The contract law doctrine of frustration may provide employers with a solution to the problem of the long-term or serially disabled employee who is seldom at work, or entirely absent, for years at a time. The Human Rights Tribunal of Ontario’s recent decision in Gahagan v. James Campbell Inc. stands for the principle that terminating the employment of a permanently disabled employee by reason of frustration does not necessarily constitute unlawful discrimination.
In Gahagan v. James Campbell Inc., the employee sustained a workplace injury in 2009. The employee’s significant physical restrictions and limitations prevented her from returning to work. Instead, the employee received workplace safety and insurance benefits, long term disability (LTD) benefits and Canada Pension Plan (CPP) disability benefits. When the employer terminated her employment 2 1/2 years after the injury, the employee alleged unlawful discrimination on the basis of disability.
The Tribunal concluded that the employee’s employment had been frustrated and dismissed her complaint. The Tribunal relied on the facts that:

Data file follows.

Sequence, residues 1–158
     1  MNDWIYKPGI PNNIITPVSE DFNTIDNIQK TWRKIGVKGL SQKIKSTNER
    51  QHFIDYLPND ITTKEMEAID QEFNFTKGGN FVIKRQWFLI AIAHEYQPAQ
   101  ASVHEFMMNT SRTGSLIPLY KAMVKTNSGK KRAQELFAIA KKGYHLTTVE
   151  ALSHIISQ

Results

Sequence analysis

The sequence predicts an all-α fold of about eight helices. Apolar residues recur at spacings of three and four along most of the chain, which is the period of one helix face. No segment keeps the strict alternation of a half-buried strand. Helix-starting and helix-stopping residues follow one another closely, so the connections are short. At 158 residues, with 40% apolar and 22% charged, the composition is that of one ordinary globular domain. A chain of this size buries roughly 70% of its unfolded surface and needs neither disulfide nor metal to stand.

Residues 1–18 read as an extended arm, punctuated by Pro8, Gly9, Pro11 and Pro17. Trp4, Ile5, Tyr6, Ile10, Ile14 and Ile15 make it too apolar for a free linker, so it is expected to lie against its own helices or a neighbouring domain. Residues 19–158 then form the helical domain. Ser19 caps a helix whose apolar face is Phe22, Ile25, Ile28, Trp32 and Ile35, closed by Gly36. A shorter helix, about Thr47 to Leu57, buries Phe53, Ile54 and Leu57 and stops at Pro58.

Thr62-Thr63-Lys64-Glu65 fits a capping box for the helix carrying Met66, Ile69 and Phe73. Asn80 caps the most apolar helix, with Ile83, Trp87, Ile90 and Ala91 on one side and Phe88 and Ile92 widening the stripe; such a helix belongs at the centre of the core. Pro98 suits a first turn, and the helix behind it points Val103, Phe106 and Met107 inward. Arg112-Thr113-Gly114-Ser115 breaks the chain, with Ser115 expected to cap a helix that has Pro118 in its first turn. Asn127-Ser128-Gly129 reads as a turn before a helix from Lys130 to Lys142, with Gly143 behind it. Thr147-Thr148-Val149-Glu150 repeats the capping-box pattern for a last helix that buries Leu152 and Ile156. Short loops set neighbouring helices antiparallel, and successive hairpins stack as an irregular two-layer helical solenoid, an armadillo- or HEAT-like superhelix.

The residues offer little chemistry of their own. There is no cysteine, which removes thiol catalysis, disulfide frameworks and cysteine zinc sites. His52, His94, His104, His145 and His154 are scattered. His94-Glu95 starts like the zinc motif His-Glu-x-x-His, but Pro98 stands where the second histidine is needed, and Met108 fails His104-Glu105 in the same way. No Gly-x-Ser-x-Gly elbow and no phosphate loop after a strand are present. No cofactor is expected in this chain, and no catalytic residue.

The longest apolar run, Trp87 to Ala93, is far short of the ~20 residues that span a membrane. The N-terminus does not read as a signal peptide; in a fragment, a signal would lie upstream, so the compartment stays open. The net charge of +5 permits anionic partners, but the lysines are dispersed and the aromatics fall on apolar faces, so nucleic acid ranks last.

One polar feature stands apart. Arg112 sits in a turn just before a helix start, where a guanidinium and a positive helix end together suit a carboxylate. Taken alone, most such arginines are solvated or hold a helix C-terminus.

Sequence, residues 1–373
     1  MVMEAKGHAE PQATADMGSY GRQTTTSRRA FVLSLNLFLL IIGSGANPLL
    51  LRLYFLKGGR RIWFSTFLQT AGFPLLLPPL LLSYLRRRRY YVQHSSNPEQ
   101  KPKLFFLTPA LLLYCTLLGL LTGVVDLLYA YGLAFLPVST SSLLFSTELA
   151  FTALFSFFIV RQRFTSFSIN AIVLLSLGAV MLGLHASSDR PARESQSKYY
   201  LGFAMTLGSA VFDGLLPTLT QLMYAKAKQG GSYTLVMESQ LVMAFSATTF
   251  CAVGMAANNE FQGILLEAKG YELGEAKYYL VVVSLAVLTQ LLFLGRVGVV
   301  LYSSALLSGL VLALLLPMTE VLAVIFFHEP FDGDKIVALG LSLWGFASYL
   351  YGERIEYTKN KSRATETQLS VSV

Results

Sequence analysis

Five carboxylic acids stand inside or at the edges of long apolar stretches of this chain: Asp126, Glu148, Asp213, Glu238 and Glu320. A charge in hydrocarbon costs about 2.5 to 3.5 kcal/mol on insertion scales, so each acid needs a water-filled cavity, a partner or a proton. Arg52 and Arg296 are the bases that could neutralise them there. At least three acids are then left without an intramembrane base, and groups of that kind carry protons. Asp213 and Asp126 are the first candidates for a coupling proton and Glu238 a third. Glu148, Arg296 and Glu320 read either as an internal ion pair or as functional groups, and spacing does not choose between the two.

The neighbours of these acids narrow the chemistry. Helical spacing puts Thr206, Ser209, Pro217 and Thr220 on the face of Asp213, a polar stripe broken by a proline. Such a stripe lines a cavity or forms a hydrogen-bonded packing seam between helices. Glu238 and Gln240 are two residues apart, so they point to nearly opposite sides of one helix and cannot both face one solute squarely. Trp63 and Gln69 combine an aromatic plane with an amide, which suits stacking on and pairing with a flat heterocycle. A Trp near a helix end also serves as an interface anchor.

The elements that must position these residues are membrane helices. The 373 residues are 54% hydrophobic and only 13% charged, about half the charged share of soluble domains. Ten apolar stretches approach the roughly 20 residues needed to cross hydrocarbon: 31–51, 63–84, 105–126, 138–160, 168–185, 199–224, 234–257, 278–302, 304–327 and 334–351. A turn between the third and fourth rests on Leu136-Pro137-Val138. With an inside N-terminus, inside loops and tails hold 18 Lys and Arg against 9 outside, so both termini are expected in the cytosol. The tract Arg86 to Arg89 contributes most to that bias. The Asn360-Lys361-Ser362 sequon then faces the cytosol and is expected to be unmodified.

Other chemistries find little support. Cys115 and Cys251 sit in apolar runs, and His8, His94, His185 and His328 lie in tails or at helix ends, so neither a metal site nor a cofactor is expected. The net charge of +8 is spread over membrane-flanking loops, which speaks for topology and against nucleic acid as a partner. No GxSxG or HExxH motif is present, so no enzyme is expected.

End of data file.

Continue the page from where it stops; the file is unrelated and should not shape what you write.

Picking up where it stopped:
1. the employee had significant physical restrictions and limitations which prevented her from working; and
2. in order to receive LTD and CPP disability benefits, the employee herself had professed both an inability to perform her job and a severe and prolonged disability.
The period of time over which any individual employee’s contract of employment has become frustrated will, of course, depend on the specific facts of the case. However, the Tribunal’s finding that frustration may result after 2 1/2 years of disability may be encouraging to employers who have been managing lengthy employee absences.